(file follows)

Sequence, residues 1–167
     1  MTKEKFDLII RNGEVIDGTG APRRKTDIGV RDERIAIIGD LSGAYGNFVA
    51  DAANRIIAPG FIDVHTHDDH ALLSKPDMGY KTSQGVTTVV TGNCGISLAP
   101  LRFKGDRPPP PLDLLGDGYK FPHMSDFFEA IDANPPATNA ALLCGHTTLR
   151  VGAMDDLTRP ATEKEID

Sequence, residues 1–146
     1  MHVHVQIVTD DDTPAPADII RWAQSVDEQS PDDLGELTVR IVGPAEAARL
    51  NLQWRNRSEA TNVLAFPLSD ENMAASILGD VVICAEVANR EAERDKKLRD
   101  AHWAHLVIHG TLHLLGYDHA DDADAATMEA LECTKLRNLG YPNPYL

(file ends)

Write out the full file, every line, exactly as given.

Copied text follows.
Sequence, residues 1–167
     1  MTKEKFDLII RNGEVIDGTG APRRKTDIGV RDERIAIIGD LSGAYGNFVA
    51  DAANRIIAPG FIDVHTHDDH ALLSKPDMGY KTSQGVTTVV TGNCGISLAP
   101  LRFKGDRPPP PLDLLGDGYK FPHMSDFFEA IDANPPATNA ALLCGHTTLR
   151  VGAMDDLTRP ATEKEID

Sequence, residues 1–146
     1  MHVHVQIVTD DDTPAPADII RWAQSVDEQS PDDLGELTVR IVGPAEAARL
    51  NLQWRNRSEA TNVLAFPLSD ENMAASILGD VVICAEVANR EAERDKKLRD
   101  AHWAHLVIHG TLHLLGYDHA DDADAATMEA LECTKLRNLG YPNPYL